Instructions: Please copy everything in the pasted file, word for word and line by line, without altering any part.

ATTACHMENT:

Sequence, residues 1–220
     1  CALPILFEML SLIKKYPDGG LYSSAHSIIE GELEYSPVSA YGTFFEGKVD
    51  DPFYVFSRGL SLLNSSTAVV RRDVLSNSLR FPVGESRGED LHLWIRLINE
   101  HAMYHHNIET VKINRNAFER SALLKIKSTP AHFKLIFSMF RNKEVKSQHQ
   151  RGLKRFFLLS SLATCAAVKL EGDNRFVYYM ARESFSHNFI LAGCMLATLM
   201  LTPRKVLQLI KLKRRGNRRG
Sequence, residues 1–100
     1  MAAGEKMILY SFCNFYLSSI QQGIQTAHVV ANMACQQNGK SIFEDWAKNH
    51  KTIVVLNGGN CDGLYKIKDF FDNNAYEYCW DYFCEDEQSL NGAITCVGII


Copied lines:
Sequence, residues 1–220
     1  CALPILFEML SLIKKYPDGG LYSSAHSIIE GELEYSPVSA YGTFFEGKVD
    51  DPFYVFSRGL SLLNSSTAVV RRDVLSNSLR FPVGESRGED LHLWIRLINE
   101  HAMYHHNIET VKINRNAFER SALLKIKSTP AHFKLIFSMF RNKEVKSQHQ
   151  RGLKRFFLLS SLATCAAVKL EGDNRFVYYM ARESFSHNFI LAGCMLATLM
   201  LTPRKVLQLI KLKRRGNRRG
Sequence, residues 1–100
     1  MAAGEKMILY SFCNFYLSSI QQGIQTAHVV ANMACQQNGK SIFEDWAKNH
    51  KTIVVLNGGN CDGLYKIKDF FDNNAYEYCW DYFCEDEQSL NGAITCVGII